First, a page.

(This post isn’t sponsored, just so ya know!)
I actually AM writing a post entirely about vegetable peelers.
I got a Good Grips veggie peeler as a wedding gift, and after years of service, it was starting to get pretty dull.
I discovered this when I tried to peel a butternut squash. This is a slightly difficult task with a good peeler, but with a dull one, it’s positively Herculean.
So, I consulted with Cook’s Illustrated (because of COURSE) and they recommended two peelers.
Since I was curious about both options, and since I sometimes need more than one peeler, I bought both varieties, and I’ve been using them for the last few years.
What do I think of them?
The Kuhn Rikon peeler works ridiculously well. It peels butternut squash and mangoes like nobody’s business, two items my old peeler struggled with. And it works great for potatoes as well.
The design is a little odd, requiring you to pull the peeler rather than pushing it, but I quickly got used to the new mechanics. I actually think the pulling vs. pushing motion is part of what makes this peeler work so well.
(Although, interestingly enough, I saw lots of photos online of people pulling this peeler toward themselves. That feels completely awkward to me!)
The only downside is that the blade of this peeler came coated with a really thin black finish, which starts to flake off in short order. Without the coating, the carbon steel blade rusts easily, so I have to hand wash the peeler and dry it right away.
This isn’t a huge deal, but if you don’t want to baby your peeler, it might be a deal-breaker.
On the other hand, carbon steel is supposed to stay sharp longer, so if longevity is a big concern for you, you might be willing to give the bit of extra care this peeler requires.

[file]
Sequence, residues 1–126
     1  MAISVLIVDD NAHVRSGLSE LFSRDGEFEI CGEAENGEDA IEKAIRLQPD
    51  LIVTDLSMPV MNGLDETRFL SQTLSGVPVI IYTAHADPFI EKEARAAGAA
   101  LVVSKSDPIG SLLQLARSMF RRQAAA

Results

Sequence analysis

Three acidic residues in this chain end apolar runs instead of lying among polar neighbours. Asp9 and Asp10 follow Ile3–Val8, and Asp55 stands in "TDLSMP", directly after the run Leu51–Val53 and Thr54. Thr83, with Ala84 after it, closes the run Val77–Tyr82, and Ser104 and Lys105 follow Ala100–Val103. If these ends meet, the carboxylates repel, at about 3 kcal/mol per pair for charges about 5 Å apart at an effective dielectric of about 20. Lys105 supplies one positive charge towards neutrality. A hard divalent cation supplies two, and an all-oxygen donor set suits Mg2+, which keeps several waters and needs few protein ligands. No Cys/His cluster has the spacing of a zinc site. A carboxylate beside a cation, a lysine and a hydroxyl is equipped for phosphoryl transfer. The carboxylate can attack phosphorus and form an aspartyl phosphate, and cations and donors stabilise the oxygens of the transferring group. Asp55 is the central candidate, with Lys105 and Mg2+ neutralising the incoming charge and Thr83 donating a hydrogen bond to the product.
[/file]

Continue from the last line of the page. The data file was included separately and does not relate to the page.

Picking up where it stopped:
I bought the 3-pack of peelers on Amazon because for some odd reason, you can get a 3-pack in red, green, and yellow, for the same price as a single purple one.
This does come in a stainless-steel version for $12.95, so if you’re trying to swear off plastic, you can still get this peeler.
The Messermeister peeler is a more traditional design, so you push the peeler away from you as you work. It’s got a good sharp blade, and solid construction, though, so it’s been working very well for me.
And since the blade is stainless steel, you can throw it right into the dishwasher with nary a concern.
(Though I should point out that the three-pack is three different varieties of peelers, which might not be exactly what you want.)
So. Both options are good choices.
If you want easy care, get the $8 Messermeister.
If long-term sharpness is more important to you and you don’t mind hand-washing, though, the $8 3-pack of Kuhn-Rikon peelers is super hard to beat.
And thus endeth a 600-word post on vegetable peelers.
Amazon links are affiliate links. This post is not sponsored, I bought my peelers with my own money, and Messermeister and Kuhn Rikon have no idea I exist.